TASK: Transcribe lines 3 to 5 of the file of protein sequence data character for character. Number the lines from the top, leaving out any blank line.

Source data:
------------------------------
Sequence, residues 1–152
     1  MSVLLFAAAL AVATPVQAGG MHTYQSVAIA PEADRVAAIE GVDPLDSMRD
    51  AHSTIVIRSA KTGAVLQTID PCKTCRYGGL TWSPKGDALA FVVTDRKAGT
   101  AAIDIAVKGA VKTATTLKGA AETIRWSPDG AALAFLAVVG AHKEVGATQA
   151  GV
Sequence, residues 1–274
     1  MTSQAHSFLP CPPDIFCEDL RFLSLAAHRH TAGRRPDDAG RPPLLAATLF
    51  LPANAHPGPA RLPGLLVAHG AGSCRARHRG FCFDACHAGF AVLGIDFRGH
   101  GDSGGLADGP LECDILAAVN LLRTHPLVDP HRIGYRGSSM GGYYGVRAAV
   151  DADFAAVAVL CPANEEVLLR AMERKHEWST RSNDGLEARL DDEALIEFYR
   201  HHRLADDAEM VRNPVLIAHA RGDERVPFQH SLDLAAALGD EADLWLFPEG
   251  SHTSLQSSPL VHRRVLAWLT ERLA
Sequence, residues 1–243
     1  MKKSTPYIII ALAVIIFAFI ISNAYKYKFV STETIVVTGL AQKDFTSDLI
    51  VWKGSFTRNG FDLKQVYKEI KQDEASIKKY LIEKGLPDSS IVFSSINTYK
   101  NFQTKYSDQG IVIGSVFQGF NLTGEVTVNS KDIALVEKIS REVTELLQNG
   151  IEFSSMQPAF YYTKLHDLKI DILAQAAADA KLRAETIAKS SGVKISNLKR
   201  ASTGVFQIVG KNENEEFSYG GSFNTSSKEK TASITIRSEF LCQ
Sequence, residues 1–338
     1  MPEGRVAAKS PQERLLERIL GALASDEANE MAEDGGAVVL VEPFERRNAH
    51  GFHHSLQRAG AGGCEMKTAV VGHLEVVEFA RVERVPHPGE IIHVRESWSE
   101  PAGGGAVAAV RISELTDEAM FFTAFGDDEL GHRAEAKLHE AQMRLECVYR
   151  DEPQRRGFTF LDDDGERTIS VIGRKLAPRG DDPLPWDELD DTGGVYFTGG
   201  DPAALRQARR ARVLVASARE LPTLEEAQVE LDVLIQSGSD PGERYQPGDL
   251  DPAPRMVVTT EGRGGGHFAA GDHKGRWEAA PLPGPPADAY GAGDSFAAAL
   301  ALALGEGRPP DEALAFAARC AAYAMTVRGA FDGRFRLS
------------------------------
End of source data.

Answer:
    51  AHSTIVIRSA KTGAVLQTID PCKTCRYGGL TWSPKGDALA FVVTDRKAGT
   101  AAIDIAVKGA VKTATTLKGA AETIRWSPDG AALAFLAVVG AHKEVGATQA
   151  GV